Letter: Keep money with the people, not politiciansI would like to compliment Michael Garber on his accurate and understandable analysis of the consequences of Rep. Tim Walz’s vote on climate change.
By: John Galstad, Worthington, Worthington Daily Globe
I would like to compliment Michael Garber on his accurate and understandable analysis of the consequences of Rep. Tim Walz’s vote on climate change. His letter was printed in the Daily Globe on July 15.
It is a tragic state of affairs when our elected representatives choose to first spend public money on frivolous things like animal cages, bike trails, turtle crossings, truck sheds and worse. Then when the money is gone, they squeal like kids who had their Halloween candy stolen.
Let me propose an analogy to put some priorities into perspective. Suppose society is facing a long hard journey, and to make their travels easier, they build a bus. Many people get on the bus, and most people bring some baggage with them. When the road becomes steep and winding, more people want to get on the bus, and more baggage is added. The bus soon becomes dangerously close to stalling because it does not have the power to pull the added load.
Our economy is simply not strong enough to pull the increased load of added government spending and people living off the government. The load and power must be rebalanced. This can be done when power is added to the engine and the load on the bus is reduced. A profitable business climate is the engine that drives our economy, and attempts to micro regulate and tax business serve only to throttle back the power. Asking the wealthy to finance government spending has the same effect of holding back the economy. People with money will spend money (good for the economy), will invest money (finance businesses that hire people), or will save money (let financial institutions invest it for them).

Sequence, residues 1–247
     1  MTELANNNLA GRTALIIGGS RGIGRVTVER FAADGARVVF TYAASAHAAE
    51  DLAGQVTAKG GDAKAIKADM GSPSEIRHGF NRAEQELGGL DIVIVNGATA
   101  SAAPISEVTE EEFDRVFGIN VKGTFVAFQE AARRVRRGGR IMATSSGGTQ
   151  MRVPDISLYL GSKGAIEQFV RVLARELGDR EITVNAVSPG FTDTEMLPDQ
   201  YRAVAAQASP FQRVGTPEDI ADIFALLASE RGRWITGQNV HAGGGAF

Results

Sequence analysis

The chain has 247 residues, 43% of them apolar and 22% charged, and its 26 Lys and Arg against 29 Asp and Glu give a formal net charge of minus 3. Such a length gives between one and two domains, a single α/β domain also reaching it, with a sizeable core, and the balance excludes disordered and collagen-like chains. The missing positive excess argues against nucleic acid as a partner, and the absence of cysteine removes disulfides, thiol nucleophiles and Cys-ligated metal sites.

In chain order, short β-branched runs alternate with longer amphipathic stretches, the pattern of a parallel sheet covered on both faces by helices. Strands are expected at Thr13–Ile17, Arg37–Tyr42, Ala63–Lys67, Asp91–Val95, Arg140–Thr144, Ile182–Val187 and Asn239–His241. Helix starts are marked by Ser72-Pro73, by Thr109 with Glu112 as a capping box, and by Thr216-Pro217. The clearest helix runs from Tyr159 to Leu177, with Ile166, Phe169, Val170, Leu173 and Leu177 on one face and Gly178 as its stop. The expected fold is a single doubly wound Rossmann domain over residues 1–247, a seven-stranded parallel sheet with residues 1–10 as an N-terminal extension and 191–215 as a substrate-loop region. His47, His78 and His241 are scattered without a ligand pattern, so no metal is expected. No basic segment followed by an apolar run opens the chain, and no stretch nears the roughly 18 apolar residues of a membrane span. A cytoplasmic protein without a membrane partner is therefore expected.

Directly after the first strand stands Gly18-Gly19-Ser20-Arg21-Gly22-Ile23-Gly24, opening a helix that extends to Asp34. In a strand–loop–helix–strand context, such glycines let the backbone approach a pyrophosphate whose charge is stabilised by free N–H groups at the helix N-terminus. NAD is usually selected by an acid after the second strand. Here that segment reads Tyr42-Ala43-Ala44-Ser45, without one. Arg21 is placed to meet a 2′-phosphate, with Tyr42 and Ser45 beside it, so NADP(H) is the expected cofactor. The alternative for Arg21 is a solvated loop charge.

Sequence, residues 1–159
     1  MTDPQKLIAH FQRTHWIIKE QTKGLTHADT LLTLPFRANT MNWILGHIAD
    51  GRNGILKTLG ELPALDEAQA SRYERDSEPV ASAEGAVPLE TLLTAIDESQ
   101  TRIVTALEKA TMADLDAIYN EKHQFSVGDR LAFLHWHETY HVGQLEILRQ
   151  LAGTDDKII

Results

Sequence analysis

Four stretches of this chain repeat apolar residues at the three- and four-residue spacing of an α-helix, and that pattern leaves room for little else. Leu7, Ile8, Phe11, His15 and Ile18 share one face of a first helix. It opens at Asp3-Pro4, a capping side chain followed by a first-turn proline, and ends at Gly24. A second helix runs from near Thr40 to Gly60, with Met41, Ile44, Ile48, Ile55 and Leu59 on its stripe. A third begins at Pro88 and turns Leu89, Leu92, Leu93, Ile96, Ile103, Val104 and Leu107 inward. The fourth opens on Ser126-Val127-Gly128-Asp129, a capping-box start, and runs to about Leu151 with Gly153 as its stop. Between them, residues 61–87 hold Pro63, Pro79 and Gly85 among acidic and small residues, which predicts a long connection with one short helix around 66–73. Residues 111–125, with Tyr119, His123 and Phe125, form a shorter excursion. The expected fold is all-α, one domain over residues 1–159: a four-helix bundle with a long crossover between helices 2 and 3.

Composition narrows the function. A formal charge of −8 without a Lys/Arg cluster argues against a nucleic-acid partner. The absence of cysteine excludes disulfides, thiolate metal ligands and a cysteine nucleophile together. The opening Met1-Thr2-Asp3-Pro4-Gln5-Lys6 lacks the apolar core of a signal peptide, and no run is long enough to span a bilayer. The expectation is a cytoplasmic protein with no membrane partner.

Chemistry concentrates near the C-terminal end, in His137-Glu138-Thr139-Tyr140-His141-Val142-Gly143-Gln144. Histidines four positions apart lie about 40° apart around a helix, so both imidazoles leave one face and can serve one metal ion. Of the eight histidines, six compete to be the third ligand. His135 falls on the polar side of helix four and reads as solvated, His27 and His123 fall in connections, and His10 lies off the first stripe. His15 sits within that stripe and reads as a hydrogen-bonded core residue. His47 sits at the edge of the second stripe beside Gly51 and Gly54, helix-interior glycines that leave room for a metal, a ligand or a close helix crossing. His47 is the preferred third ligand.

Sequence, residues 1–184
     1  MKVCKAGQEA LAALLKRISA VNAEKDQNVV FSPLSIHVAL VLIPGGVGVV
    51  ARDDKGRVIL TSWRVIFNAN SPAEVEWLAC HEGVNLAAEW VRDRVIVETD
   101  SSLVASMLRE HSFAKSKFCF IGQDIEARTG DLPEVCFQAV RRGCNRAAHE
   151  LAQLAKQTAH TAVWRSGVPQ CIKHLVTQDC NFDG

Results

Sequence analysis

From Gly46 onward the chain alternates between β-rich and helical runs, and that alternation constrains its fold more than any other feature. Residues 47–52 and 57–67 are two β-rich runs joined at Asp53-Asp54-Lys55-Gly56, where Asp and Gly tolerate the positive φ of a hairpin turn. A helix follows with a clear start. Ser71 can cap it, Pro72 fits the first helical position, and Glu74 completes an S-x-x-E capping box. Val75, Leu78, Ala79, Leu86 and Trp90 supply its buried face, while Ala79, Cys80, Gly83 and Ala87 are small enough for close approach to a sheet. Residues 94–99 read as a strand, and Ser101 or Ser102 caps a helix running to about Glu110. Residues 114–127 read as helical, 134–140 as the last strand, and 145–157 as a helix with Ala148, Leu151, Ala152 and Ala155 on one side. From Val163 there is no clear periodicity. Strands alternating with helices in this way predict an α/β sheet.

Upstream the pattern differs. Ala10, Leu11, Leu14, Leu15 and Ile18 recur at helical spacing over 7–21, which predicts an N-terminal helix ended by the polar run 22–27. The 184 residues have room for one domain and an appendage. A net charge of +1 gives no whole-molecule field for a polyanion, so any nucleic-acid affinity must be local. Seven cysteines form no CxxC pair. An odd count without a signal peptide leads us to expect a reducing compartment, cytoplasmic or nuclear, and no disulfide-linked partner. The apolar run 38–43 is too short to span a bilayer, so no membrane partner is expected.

I am not saying that we throw people under the bus, but rather ask them to take some baggage with them when they get off the bus. Remember, a bus is designed to help people get to a destination, not become a residence.
Critics may say that government is now becoming the new strong business that will drive the economy. A point to remember is that the economic multipliers are always less for the government than for the private sectors. This is because individuals buy what they want, whereas the government will buy what they think you need. In addition, the government will spend money on items that do not generate goods or services. A dollar in the hand of the individual will always be a bigger stimulus than a dollar in the hand of a politician.